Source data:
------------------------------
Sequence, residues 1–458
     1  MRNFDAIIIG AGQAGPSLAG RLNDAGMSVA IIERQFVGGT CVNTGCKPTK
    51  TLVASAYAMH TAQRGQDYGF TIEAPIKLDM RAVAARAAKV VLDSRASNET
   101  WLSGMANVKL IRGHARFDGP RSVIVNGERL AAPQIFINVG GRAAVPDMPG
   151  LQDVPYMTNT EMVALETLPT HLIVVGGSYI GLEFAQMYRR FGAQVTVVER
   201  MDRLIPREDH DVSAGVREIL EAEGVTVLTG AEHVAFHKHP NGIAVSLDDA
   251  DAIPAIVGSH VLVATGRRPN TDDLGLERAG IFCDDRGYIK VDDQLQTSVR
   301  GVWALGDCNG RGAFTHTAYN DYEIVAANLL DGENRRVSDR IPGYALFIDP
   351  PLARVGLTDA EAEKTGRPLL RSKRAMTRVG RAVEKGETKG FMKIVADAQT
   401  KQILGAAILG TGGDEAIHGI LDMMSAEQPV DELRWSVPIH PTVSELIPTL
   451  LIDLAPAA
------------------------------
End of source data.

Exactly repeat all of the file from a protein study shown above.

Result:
Sequence, residues 1–458
     1  MRNFDAIIIG AGQAGPSLAG RLNDAGMSVA IIERQFVGGT CVNTGCKPTK
    51  TLVASAYAMH TAQRGQDYGF TIEAPIKLDM RAVAARAAKV VLDSRASNET
   101  WLSGMANVKL IRGHARFDGP RSVIVNGERL AAPQIFINVG GRAAVPDMPG
   151  LQDVPYMTNT EMVALETLPT HLIVVGGSYI GLEFAQMYRR FGAQVTVVER
   201  MDRLIPREDH DVSAGVREIL EAEGVTVLTG AEHVAFHKHP NGIAVSLDDA
   251  DAIPAIVGSH VLVATGRRPN TDDLGLERAG IFCDDRGYIK VDDQLQTSVR
   301  GVWALGDCNG RGAFTHTAYN DYEIVAANLL DGENRRVSDR IPGYALFIDP
   351  PLARVGLTDA EAEKTGRPLL RSKRAMTRVG RAVEKGETKG FMKIVADAQT
   401  KQILGAAILG TGGDEAIHGI LDMMSAEQPV DELRWSVPIH PTVSELIPTL
   451  LIDLAPAA